Film Stripped

Review By Caity Brown

Happy To Be Here
Happy To Be Here

On Dec. 15, the glamorous Rio Theatre had the joy of holding the Vancouver premiere of Happy To Be Here, a low-budget comedy about a dysfunctional family, that was shot right here in our beautiful city.

The film follows a tumultuous time in the life of Dorian Winters, a mid-twenties city dweller who, between jobs and between girlfriends, finds his world in upheaval when his father, an ex-wrestling superstar, has a stroke and is hospitalized. While coping with the abrasive parent, Dorian searches for direction amidst group therapy sessions for “Passive-Aggressive Anger Management,” outings with his formerly drug addicted brother and arguments with his father’s “psychological attorney.”

With a charming soundtrack written by Dustin Cole and notable performances by a small but talented cast, Happy To Be Here sucks you into Dorian’s world, making it impossible not to feel for him despite his numerous self-defeating qualities. Sean MacPherson, who plays Dorian as well as being the writer, director and producer of the film, has created a character that embodies the part of everyone that sometimes feels hopeless and victimized, and that can’t help but be an ass to everyone else. The film is an honest story that maintains that darkly comic flair that Canadians love by including elements that are just a bit absurd, such as a therapist with a collection of lovers (including some of her patients), a bouncy German with a passion for saving dolphins, and a doctor who relies on his interns to tell him his patients’ conditions. However, the film’s themes also address the very real problems of everyday people, such as the stress of caring for your parents when they cannot take care of themselves, the threat of scam artists to the vulnerable, and dealing with depression.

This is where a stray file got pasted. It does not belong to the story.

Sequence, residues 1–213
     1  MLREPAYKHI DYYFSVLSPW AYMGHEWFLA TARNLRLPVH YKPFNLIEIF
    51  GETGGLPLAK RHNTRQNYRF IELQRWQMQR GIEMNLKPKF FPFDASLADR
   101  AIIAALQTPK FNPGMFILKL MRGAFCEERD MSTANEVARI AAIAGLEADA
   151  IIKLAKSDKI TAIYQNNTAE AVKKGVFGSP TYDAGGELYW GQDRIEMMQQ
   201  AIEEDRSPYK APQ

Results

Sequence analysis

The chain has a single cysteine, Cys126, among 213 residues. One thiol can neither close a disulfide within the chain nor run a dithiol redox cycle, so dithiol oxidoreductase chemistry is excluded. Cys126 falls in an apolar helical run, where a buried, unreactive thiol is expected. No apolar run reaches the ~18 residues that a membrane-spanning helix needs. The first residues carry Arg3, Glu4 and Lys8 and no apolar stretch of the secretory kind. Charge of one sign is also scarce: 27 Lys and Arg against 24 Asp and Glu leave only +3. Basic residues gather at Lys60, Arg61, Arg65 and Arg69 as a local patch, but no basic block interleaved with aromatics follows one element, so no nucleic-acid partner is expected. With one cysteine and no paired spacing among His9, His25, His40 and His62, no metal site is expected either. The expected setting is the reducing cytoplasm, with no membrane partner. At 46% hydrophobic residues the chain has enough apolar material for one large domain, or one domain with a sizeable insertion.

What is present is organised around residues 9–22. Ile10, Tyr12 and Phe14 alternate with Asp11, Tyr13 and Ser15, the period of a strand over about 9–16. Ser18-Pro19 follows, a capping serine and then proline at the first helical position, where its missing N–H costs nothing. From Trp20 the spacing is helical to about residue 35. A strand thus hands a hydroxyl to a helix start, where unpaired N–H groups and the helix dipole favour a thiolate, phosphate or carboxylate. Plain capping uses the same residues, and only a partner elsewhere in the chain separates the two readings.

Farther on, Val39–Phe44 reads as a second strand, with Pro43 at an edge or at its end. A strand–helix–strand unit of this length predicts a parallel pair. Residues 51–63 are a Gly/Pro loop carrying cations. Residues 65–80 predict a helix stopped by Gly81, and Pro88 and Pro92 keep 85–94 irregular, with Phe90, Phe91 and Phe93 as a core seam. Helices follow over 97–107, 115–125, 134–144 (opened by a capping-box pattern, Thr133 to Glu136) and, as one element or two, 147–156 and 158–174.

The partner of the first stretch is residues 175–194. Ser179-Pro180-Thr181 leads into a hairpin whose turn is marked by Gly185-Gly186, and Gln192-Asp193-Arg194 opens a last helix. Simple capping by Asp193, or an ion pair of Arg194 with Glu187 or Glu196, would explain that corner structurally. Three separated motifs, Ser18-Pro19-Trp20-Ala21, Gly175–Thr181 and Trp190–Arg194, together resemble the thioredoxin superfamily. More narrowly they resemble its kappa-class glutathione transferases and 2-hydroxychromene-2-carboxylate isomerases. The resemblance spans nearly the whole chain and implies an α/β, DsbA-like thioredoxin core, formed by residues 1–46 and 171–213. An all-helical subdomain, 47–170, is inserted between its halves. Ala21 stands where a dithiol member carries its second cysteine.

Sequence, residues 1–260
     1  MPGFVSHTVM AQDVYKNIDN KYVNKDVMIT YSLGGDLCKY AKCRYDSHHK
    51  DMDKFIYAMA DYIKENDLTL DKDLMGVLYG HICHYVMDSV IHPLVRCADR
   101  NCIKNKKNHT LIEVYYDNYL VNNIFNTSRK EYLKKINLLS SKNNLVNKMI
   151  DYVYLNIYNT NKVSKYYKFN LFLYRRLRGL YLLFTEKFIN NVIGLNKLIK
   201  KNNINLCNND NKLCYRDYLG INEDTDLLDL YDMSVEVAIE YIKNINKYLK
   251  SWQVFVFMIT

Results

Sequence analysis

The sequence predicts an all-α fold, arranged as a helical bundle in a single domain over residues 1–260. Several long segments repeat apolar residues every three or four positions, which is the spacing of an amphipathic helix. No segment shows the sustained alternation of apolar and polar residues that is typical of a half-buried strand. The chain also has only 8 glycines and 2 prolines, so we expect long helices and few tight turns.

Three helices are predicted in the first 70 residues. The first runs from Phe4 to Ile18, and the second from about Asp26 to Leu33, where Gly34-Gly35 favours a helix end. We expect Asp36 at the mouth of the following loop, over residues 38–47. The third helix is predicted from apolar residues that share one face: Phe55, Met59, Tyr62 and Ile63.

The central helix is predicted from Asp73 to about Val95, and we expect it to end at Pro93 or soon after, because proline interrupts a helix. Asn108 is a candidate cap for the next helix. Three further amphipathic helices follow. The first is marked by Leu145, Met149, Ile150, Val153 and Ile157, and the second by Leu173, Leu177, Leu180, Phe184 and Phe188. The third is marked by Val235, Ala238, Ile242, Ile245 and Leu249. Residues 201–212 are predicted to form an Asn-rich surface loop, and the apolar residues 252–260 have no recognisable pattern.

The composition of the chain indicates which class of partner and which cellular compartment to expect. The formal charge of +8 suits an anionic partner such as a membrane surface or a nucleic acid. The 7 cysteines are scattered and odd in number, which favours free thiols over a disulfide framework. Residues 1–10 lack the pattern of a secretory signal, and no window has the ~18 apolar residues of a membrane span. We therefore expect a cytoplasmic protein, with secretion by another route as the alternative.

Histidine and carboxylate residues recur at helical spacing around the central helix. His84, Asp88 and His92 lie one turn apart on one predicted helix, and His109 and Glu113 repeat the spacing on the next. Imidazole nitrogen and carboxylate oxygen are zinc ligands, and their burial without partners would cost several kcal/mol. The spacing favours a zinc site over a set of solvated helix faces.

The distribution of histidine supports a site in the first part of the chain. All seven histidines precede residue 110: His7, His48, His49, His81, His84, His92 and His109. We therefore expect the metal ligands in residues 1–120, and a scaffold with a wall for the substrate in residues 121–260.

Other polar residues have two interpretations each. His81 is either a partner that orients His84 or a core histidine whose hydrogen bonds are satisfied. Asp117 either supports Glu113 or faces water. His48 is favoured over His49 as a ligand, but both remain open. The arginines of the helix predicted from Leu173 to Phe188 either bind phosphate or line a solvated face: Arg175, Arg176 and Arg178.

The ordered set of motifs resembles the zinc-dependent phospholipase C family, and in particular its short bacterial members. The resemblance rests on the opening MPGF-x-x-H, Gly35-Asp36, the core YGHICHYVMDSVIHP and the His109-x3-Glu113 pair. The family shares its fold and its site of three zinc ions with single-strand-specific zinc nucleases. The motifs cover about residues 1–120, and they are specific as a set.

Having been produced with a whopping $1,500 budget, Happy To Be Here has covered considerable ground for a film shot almost entirely in an apartment building with a hand-held digital video camera. It brought its creators to Cannes—a feat that some spend millions to accomplish—and is getting a limited theatre run, which is sometimes difficult for Canadian films to receive, even in their own country. Needless to say, the film has a certain allure that bypasses high production value and big name actors, and that shows what someone can accomplish with the motivation to pick up a camera and just run with it.

Unfortunately, those who want to catch the film in the theatre will have an indefinite wait, or will have to travel to the States to see it in one of its few announced screenings.

Don’t hesitate to show the cast and crew your support. While it has journeyed far on its own steam, it will take people power to bring this film the attention it deserves.